18d   Trains // groups of like-minded philosophers (7)

Whatever you do, don't miss the video that Miffypops includes in his review at Big Dave's Crossword Blog.

20d   See // Cinders in transformation (7)

Scratching the Surface
Cinders is likely an allusion the heroine in a British pantomime* based on the story of Cinderella. As the theatrical promo states The time has come for the real story of Cinderella to be told, warts and all! This hilarious Panto puts an interesting twist on an old familiar story, and gives us a Cinderella for the 21st Century.. In fact, there appear to be at least two British pantomimes by that name — the previously mentioned one by David Tristram and another by Geoff Bamber.
* A pantomime[5] (or panto[5] for short) is a traditional British theatrical entertainment, mainly for children, which involves music, topical jokes, and slapstick comedy and is based on a fairy tale or nursery story, usually produced around Christmas.
While attempting to track down the elusive Cinders, I encountered the following pretenders to the role:

Mr. Cinders[7], a musical produced in the UK in 1928, is an inversion of the Cinderella fairy tale with the gender roles reversed. The Prince Charming character has become a modern (1928) young and forceful woman, and Mr. Cinders is a menial. The show captures the last frantic gasps of the roaring twenties before the gloom of the Great Depression settled in.

Ella Cinders[7], is a 1926 American silent comedy film based on the syndicated comic strip of the same name.

Cinders: A Chicken Cinderella is a retelling of the Cinderella story by children's author Jan Brett who sets her Cinderella story in a snowy Russian winter where one magical night, Cinders, the most picked upon hen in the flock, becomes the most loved by Prince Cockerel when she arrives at his ball looking so beautiful that even her bossy sisters don't recognize her.

22d   Ribbon /of/ quiet deep colour (5)

24d   Took a picture showing // animal in the zoo (5)

The okapi[5] is a large browsing mammal (Okapia johnstoni) of the giraffe family that lives in the rainforests of northern Democratic Republic of Congo (Zaire). It has a dark chestnut coat with stripes on the hindquarters and upper legs.

25d   The last character to join in Conservative // element (4)

"Conservative" = C (show explanation )

The abbreviation for Conservative may be either C.[10] or Con.[10].

The Conservative Party[5] is a a major British political party that emerged from the old Tory Party under Sir Robert Peel in the 1830s and 1840s. Since the Second World War, it has been in power 1951–64, 1970-74, and 1979–97. It governed in a coalition with the Liberal Democrats from 2010 until the general election of May 2015, in which it was returned with a majority.

hide explanation

Zinc[5] (symbol Zn) is the chemical element of atomic number 30, a silvery-white metal which is a constituent of brass and is used for coating (galvanizing) iron and steel to protect against corrosion.
Key to Reference Sources: 

[1]   - The Chambers Dictionary, 11th Edition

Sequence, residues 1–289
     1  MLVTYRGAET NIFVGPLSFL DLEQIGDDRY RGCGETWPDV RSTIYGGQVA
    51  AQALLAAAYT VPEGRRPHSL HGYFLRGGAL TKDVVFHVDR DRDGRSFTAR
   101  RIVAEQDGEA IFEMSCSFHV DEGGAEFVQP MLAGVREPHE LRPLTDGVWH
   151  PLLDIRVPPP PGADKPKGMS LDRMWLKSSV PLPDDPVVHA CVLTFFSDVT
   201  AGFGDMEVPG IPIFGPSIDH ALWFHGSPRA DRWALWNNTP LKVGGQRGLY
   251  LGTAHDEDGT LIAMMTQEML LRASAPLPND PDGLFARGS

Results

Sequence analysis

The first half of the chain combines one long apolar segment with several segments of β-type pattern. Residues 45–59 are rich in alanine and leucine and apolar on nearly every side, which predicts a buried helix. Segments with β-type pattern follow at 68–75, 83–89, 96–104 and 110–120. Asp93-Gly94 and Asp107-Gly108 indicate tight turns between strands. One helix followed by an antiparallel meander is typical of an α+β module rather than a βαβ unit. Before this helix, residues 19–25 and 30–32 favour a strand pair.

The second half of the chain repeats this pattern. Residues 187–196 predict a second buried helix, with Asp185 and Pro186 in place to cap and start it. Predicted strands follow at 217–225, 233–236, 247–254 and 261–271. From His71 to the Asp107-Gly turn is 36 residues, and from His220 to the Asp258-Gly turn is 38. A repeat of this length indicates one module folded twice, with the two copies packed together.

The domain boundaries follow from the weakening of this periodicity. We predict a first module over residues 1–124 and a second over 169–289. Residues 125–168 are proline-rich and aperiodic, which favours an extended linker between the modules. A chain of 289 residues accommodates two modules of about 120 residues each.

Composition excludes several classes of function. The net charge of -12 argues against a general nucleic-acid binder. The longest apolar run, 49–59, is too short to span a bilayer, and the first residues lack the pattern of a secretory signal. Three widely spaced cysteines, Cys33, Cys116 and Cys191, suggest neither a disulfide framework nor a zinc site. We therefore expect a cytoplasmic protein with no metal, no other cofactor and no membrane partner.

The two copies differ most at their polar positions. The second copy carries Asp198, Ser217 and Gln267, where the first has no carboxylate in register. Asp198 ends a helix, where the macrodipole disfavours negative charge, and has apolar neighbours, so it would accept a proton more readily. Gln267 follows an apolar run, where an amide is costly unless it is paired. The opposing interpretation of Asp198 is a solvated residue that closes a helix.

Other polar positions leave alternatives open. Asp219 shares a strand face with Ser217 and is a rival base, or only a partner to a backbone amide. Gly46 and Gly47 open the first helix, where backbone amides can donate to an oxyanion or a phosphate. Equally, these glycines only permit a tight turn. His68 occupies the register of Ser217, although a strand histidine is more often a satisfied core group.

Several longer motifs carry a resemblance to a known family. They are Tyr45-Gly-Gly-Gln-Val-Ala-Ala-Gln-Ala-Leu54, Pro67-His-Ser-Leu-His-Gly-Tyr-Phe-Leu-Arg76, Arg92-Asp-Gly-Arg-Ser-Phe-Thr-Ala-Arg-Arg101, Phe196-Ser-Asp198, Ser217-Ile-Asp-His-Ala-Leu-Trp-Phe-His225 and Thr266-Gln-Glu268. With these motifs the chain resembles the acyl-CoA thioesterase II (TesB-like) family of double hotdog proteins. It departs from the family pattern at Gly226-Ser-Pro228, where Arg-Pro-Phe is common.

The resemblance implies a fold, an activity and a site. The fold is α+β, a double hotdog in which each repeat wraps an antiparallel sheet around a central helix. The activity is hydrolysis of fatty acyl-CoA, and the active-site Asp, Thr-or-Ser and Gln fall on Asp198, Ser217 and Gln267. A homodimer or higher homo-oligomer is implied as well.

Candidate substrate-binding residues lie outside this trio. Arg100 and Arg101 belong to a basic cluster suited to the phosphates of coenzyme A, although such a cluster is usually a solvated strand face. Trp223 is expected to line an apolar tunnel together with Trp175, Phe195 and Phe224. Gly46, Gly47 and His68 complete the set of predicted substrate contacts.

[2]   - Search Chambers - (Chambers 21st Century Dictionary)
[3]   - TheFreeDictionary.com (American Heritage Dictionary)
[4]   - TheFreeDictionary.com (Collins English Dictionary)
[5]   - Oxford Dictionaries (Oxford Dictionary of English)
[6]   - Oxford Dictionaries (Oxford American Dictionary)
[7]   - Wikipedia
[8]   - Reverso Online Dictionary (Collins French-English Dictionary)
[9]   - Infoplease (Random House Unabridged Dictionary)
[10] - CollinsDictionary.com (Collins English Dictionary)
[11] - TheFreeDictionary.com (Random House Kernerman Webster's College Dictionary)
Signing off for today — Falcon

4 comments:

  1. I forget the term but did you notice this puzzle nearly used all the alphabet except the q.

    ReplyDelete
  2. The term you are looking for is 'pangram'. The operative word in your statement is "nearly". Besides the Q, the solution to the puzzle is also missing J and V.

    ReplyDelete
  3. A google search reveals that 14d has appeared in at least six DT cryptics in recent years, including as recently as March 11 2016 -- only four months earlier.

    I fondly recall the days when newspapers employed editors. Among other things, they served as institutional memory, curtailing plagiarism and hackneyed repetition.

    ReplyDelete
    Replies
    1. Yes, we often see clues repeated (in many cases with slight variations). These are often referred to as "old chestnuts" or perhaps "familiar friends".

      I wasn't able to duplicate your success but did turn up a few variations of this clue:

      Friday, March 11, 2016 (Giovanni) 2d Drink in article in French paper (8)

      Thursday, September 23, 2010 (Unknown Setter) 11a Article in French daily exposing drink (8)

      Tuesday, December 31, 2013 (Unknown setter) 15d Article in French newspaper promoting drink (8)

      Rufus is known to recycle his own clues (often with subtle variations). However, none of the older clues I found were his.

      Of course, Rufus has been setting clues for so long and in so many different publications that it is hard to imagine that material does not get reused.

      Delete